The response to Front since it premiered in Hamburg in March of this
year has been suitably humbled.

“I think people were really touched,” says Bellingen. “Sometimes you
can be playing to a thousand people, and it doesn't matter what is
going on onstage, there is always someone coughing, but when we first
did Front, it was really like being in church.”

While there is a clear sensitivity in Germany about any work of art
that deals with war, there is no sense in Front of Perceval's vision
falling down on one side or the other.

“It is about the horror of war, says Bellingen. “In our play, there is
no talking about good or bad sides. It is about young men who spent
eighteen months in the mud, and how wars are still going on. You can
never say that enough.”

Front, Royal Lyceum Theatre, August 22-26, 7-10.30pm
www.eif.co.uk

The Herald, August 20th 2014


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Stan Douglas - Helen Lawrence

There's something oddly off-kilter about Stan Douglas being
photographed in an ornate, low-lit and state-of-art room in the Haus
der Kunst, Munich, where his new exhibition, Mise en Scene, has just
opened. For the past hour, the Vancouver-born artist, film-maker and
photographer, whose large-scale piece of cinematic theatre, Helen
Lawrence, opens as part of Edinburgh International Festival, has been
taking part in a panel discussion to talk about the series of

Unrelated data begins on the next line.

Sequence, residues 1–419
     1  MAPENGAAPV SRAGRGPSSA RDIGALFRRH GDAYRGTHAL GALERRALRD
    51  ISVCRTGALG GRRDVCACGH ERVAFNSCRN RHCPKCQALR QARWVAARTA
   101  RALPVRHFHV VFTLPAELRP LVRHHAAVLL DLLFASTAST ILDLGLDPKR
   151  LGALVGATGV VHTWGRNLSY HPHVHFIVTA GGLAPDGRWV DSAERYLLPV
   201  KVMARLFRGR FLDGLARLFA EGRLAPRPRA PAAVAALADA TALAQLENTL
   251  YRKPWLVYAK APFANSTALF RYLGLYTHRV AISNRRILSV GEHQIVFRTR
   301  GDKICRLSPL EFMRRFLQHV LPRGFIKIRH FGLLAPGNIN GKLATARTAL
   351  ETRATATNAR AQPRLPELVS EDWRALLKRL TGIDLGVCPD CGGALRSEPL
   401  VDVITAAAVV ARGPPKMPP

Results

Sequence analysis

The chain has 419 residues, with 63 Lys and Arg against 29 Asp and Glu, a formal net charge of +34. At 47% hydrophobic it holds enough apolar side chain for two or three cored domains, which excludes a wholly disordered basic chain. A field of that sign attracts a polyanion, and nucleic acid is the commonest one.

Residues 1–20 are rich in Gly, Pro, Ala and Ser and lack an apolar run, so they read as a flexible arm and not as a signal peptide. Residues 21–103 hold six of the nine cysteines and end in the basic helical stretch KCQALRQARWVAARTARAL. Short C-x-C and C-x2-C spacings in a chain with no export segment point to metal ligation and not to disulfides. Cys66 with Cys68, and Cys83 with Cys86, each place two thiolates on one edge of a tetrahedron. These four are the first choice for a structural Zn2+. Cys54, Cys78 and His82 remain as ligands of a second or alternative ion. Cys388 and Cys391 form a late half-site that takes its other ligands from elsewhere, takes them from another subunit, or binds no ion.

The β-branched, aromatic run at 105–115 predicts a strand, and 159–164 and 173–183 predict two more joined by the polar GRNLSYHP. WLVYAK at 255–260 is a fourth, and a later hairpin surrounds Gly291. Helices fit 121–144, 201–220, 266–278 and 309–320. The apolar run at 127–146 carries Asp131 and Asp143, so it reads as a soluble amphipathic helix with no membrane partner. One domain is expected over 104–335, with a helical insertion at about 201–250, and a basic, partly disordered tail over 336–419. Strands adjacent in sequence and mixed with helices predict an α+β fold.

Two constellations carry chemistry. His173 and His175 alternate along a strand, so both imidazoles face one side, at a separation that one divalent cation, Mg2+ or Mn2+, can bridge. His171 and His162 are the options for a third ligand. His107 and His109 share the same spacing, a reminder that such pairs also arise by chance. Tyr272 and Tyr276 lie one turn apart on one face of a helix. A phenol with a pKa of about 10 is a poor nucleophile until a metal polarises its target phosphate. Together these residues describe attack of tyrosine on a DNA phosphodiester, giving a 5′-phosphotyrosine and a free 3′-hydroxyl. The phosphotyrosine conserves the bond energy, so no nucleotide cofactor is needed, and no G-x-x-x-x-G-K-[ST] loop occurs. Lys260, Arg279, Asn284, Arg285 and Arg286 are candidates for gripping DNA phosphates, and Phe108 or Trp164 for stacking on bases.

elaborately constructed fictions contained in the exhibition.

Taken from real life historical events, the assorted images of staged
streets scenes, 1950s nightclub portraits and post-revolutionary 1970s
hedonism may be steeped in meticulously realised retro imagery culled
from film noir and pulp fiction, but they are quietly and deeply
political in intent. Which is why Douglas appears as off-kilter as the
shadowy 3D image at the far end of the long room where much of the
exhibition is housed, and which reimagines the now razed Hogan's Alley
in 1948 Vancouver as a ramshackle set for a post-war film noir which
Helen Lawrence effectively is.

While his fellow panellists are dressed in standard issue European arts
mandarin black suits, Douglas sports a dressed down checked shirt,
which, given the themes of Helen Lawrence, makes it clear where his
loyalties lie. As does the show itself, which is performed later the
same night at the  Munich Kammerspiele's studio space, around the
corner from the main theatre, and just off the main drag of the city's
well-heeled centre.

In stark contrast to all this, Helen Lawrence switches between Hogan's
Alley – the local name for Park Lane in Vancouver's Strathcona district
-  where the black community live, and the run-down hotel occupied by
war veterans left on the skids once the war ended. Into these